First Argentine Court Judgment on the Recognition of an ICSID Award
Kluwer Arbitration Blog
March 15, 2016
Please refer to this post as:, ‘First Argentine Court Judgment on the Recognition of an ICSID Award’, Kluwer Arbitration Blog, March 15 2016, http://arbitrationblog.kluwerarbitration.com/2016/03/15/first-argentine-court-judgment-on-the-recognition-of-an-icsid-award/
Bruchou, Fernandez Madero & Lombardi Abogados
Until recently, recognition and enforcement of investment awards remained untested before Argentine courts. This changed in 2015. On August 18, 2015, Chamber A of the National Court of Appeals on Commercial Matters, rendered a judgment on the recognition of an ICSID award in the court case “CCI – Compañía de Concesiones de Infraestructura S.A. le pide la quiebra República de Perú” (the “Court of Appeals” and the “Judgment”, respectively. Published in Argentine Law Journal La Ley on December 30, 2015).
Background of the case
Convial Callao S.A. and CCI – Compañía de Concesiones de Infraestructura S.A. (“Compañía CI”) initiated an ICSID claim against the Republic of Peru under the Argentina-Peru BIT.
The investors claimed that Peru had breached the BIT protections through the early termination of a concession agreement to design, build, operate and maintain the so-called Callao Expressway.
The Tribunal rendered its award on May 21, 2013 (the “Award”). It dismissed the claims in full and ordered the claimants to pay Peru’s arbitration costs in the amount of US$ 2,117,489.27.
Thereafter, Peru filed a bankruptcy claim against Compañía CI before Argentine courts. It argued that the Award was enforceable in Argentina as a final Argentine court judgment in accordance with article 54 of the ICSID Convention and alleged that Compañía CI defaulted on its obligation to pay the arbitration costs.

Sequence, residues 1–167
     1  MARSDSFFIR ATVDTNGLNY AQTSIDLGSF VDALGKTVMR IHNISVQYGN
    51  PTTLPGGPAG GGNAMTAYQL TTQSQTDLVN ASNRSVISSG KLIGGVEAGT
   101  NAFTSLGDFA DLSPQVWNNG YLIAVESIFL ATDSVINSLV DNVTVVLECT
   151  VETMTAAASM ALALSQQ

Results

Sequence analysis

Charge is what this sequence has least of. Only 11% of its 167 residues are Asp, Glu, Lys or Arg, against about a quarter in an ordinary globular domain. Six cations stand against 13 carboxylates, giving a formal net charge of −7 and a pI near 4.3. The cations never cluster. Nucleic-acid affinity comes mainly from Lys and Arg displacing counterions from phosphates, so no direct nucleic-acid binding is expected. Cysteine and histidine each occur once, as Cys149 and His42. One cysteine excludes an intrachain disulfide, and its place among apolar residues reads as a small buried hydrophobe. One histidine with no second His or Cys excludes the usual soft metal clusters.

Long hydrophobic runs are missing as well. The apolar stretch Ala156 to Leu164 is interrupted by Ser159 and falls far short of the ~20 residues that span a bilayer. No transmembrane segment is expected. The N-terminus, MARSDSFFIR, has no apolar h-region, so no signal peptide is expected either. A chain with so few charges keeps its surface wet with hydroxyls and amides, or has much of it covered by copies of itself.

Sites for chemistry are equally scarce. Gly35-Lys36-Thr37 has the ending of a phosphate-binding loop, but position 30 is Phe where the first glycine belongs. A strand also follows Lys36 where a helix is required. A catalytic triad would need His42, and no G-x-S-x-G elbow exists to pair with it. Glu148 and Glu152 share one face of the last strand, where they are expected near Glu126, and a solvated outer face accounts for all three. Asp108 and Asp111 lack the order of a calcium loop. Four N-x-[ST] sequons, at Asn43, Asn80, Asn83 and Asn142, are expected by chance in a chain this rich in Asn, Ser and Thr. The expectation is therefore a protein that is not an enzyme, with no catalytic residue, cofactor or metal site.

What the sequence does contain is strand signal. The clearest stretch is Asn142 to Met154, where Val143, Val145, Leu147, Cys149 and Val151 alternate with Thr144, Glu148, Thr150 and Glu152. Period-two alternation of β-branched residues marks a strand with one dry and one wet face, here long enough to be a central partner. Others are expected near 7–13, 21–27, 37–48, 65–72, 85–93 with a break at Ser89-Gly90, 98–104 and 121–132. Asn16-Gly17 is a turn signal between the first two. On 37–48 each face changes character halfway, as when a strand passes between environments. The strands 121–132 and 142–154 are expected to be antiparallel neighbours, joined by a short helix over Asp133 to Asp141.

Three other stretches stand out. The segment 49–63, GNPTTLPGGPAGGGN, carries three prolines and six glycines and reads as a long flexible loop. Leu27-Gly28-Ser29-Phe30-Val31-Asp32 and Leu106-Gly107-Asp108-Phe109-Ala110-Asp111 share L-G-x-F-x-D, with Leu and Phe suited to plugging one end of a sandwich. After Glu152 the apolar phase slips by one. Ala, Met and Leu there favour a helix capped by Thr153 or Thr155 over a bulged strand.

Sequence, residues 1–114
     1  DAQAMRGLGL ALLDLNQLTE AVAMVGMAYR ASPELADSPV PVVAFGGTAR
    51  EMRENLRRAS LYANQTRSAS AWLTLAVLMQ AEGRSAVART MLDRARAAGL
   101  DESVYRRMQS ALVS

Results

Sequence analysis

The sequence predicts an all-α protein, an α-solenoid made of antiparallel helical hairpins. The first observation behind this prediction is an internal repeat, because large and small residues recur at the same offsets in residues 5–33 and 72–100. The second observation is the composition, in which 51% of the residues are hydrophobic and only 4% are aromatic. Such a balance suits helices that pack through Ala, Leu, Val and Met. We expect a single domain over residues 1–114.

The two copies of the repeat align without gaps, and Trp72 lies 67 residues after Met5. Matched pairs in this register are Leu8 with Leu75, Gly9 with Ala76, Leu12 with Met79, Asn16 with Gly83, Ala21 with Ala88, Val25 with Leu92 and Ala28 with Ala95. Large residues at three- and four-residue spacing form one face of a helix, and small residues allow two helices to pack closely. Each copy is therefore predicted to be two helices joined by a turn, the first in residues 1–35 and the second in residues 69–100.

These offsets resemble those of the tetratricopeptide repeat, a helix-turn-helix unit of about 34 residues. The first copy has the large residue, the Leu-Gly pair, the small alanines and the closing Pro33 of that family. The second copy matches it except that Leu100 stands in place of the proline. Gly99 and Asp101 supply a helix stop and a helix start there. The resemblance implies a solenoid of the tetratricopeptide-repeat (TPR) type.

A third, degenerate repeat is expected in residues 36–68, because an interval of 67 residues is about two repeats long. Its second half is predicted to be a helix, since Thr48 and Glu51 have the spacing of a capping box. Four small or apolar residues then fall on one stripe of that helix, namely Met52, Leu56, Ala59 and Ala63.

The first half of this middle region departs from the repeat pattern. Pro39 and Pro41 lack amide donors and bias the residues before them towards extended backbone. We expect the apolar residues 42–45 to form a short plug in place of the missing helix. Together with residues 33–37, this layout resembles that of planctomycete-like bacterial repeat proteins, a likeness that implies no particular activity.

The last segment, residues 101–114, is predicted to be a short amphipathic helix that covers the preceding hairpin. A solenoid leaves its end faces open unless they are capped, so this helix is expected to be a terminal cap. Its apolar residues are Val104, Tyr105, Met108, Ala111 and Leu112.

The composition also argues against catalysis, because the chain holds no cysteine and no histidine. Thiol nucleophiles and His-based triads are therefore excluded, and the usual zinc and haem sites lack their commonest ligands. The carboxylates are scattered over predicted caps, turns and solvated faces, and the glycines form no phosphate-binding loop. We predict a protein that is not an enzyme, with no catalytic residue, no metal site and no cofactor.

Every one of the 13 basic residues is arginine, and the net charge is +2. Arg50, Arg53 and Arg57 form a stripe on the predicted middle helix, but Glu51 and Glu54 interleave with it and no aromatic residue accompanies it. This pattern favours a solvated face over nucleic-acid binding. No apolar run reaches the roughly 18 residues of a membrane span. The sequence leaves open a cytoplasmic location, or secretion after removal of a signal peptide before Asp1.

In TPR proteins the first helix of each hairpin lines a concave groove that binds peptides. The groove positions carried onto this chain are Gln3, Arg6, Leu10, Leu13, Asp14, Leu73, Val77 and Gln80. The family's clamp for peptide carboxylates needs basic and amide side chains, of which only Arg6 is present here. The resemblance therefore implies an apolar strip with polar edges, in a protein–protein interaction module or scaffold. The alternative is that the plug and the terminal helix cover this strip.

Pursuant to Argentine Bankruptcy Act, the applicant is not required to demonstrate the existence and validity of its credit, but just the likelihood of it (section 83 of the Argentine Bankruptcy Act).
Recognition and Enforcement of an ICSID Award
A distinction must be made between ICSID and non-ICSID awards. Recognition and enforcement of non-ICSID awards in Argentina are subject to exequatur proceedings. The petitioner must submit the award before local courts and request that it be recognized as a binding decision pursuant to Argentine law–which includes a formal review of the award and an analysis whether the award abides by Argentine public policy principles.
Note that, if no treaty applies, Argentine courts must recognize and enforce the award in accordance with the requirements set down by the domestic rules of procedure. If a treaty applies (e.g. the 1958 New York Convention, the Inter-American convention on international commercial arbitration -Panama, 1975-, the Inter-American Convention on the extraterritorial validity of foreign judgements and arbitral awards -Montevideo, 1979-), the court must abide by the treaty provisions which prevail upon domestic laws under Argentina’s Federal Constitution (Section 75.22).
Under the ICSID Convention, awards are binding and shall not be subject to any appeal –other than those provided in the Convention itself– and shall be recognized and enforced by each Contracting State as if it were a final judgment of a court in that State(ICSID Convention, articles 53 and 54).
Accordingly, Argentine courts cannot subject ICSID awards to exequatur proceedings.
The First Instance National Court on Commercial Matters rejected Peru’s petition on a decision dated April 23, 2015. It considered that the Award could not be deemed sufficient legal title unless it first went through an exequatur proceeding to be recognized and become enforceable in Argentina. Peru appealed the dismissal.
The Court of Appeals overruled the First Instance Court’s decision and ordered the bankruptcy claim to move forward. In its Judgment, it pointed to articles 53 to 55 of the ICSID Convention and considered that:
(a) The bankruptcy claim was submitted by an ICSID Contracting State against a national of another Contracting State. The Court of Appeals noted that the petitioner did not seek enforcement of a decision against the Argentine State, but against a private entity.
(b) The ICSID Convention provides for no court remedy and excludes any court intervention with respect to an ICSID award; and
(c) The party seeking the recognition or enforcement of an ICSID award must only submit a certified copy of the award to the competent court or authority.